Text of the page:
Are all conservative forces a central force?

If a force is a central force and can be written as $\vec{F}(\vec{r})=f{(r)}\hat{r}$ , then it is a conservative force. But is the converse true? I mean, are all conservative forces a central force? If no, can you please provide explanation?

• Gravity on flat earth surface. Commented Oct 17, 2015 at 12:30
• Any force that admits a potential is conservative. To get a non-central, conservative force, just pick a function $V(r, \theta, \phi)$, such that $\partial_\theta V \ne 0$ or $\partial_\phi V \ne 0$. Then $\vec F = -\nabla V$ will be a conservative, non-central force. One simple example $V=\frac 1 2 k x^2$ leads to the conservative force $\vec F = -\vec e_x kx$ which is obviously not central. Commented Oct 17, 2015 at 12:38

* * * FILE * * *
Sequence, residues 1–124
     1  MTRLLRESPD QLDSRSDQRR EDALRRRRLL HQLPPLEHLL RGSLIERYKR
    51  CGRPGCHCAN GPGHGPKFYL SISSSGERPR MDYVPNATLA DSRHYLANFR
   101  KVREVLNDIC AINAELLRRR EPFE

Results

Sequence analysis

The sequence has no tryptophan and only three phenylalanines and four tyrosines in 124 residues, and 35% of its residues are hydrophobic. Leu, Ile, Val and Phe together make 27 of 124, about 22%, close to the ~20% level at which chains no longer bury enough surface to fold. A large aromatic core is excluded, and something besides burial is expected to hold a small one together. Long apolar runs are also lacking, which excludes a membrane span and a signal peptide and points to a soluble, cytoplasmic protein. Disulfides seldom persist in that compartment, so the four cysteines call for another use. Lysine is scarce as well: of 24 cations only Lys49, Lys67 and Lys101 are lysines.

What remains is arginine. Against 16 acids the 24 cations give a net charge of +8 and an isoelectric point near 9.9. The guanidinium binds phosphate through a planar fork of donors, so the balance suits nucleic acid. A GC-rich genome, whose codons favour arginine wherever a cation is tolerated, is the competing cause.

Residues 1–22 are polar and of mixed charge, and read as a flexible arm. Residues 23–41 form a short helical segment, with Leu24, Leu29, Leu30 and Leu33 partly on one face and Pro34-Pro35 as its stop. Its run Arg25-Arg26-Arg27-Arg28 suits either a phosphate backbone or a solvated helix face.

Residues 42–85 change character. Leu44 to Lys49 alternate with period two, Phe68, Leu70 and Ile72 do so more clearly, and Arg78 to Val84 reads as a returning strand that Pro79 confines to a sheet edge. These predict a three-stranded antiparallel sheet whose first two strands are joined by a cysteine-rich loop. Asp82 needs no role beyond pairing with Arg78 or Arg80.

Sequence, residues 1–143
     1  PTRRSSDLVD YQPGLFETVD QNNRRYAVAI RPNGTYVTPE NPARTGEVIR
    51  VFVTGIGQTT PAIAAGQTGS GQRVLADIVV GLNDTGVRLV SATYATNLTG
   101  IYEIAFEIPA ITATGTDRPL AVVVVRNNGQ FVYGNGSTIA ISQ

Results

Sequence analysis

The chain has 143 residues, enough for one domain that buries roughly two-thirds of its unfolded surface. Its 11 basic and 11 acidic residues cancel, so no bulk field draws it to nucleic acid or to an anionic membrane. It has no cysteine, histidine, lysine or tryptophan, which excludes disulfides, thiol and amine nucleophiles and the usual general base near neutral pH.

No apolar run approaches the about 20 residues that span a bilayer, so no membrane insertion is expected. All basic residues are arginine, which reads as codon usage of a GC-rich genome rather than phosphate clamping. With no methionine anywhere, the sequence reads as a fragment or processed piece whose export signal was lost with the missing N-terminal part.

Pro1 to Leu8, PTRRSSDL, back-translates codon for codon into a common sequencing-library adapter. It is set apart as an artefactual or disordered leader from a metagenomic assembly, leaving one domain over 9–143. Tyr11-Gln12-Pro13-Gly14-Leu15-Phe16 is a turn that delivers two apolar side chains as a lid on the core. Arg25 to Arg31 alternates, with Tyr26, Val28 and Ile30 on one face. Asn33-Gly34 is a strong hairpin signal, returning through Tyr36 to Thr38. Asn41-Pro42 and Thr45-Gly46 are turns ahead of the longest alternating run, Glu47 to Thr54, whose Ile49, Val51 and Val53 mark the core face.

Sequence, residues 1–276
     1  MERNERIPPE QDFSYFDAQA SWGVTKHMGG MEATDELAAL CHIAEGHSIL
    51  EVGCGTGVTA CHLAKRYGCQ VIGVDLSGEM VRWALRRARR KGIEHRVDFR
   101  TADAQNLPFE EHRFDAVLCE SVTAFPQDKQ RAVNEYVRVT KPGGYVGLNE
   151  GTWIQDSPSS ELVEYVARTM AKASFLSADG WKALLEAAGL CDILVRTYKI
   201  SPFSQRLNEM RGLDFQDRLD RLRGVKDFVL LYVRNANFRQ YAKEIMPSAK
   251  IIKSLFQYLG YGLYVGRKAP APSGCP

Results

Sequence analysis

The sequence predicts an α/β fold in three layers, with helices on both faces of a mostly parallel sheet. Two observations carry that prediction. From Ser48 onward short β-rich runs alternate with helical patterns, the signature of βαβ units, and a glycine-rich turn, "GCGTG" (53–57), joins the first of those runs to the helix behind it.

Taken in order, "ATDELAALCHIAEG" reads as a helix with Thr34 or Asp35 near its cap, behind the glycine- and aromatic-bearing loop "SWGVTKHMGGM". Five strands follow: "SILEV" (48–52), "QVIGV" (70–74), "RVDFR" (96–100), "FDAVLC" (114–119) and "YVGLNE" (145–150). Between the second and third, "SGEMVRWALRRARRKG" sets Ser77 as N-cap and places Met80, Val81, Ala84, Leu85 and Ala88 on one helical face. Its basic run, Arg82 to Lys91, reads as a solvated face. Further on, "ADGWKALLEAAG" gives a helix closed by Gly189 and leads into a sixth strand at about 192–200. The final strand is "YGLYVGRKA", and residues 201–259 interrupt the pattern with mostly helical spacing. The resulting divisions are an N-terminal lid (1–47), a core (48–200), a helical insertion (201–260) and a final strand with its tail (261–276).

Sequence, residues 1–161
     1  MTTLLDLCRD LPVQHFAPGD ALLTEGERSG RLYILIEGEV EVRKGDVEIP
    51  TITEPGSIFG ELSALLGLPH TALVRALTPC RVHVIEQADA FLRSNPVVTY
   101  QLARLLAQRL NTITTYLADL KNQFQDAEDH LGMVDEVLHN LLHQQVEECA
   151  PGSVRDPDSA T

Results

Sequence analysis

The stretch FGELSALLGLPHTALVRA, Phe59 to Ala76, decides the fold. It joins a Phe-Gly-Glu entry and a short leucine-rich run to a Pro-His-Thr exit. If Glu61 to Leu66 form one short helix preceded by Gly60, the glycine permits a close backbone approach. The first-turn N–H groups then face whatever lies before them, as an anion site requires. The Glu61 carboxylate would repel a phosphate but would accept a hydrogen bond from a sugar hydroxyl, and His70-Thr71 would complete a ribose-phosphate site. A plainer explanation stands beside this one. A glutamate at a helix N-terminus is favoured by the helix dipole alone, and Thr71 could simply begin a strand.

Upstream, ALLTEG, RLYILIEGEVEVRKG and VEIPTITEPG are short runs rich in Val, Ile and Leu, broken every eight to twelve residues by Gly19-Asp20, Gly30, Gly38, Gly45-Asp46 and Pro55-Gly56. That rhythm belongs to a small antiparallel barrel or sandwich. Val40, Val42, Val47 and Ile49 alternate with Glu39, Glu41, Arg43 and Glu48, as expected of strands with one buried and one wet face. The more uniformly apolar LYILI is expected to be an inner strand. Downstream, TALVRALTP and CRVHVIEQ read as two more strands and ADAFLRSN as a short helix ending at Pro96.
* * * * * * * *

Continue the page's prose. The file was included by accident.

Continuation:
• @SebastianRiese These links say that $\vec F= -kx$ is a central conservative force..... books.google.co.in/… and sfu.ca/~boal/211lecs/211lec14.pdf Commented Oct 17, 2015 at 14:31
• @Aniket Just clicked the sfu.ca link, it talk abouk $\vec F = -k\vec x$, that is a different beast (and I would have written it $\vec F = -k \vec r$ ... using $\vec x$ for positions vectors just generates confusion in my opinion $\vec r$ is avoids this). Commented Oct 17, 2015 at 14:32
• @SebastianRiese What kind of a different beast? Commented Oct 17, 2015 at 14:33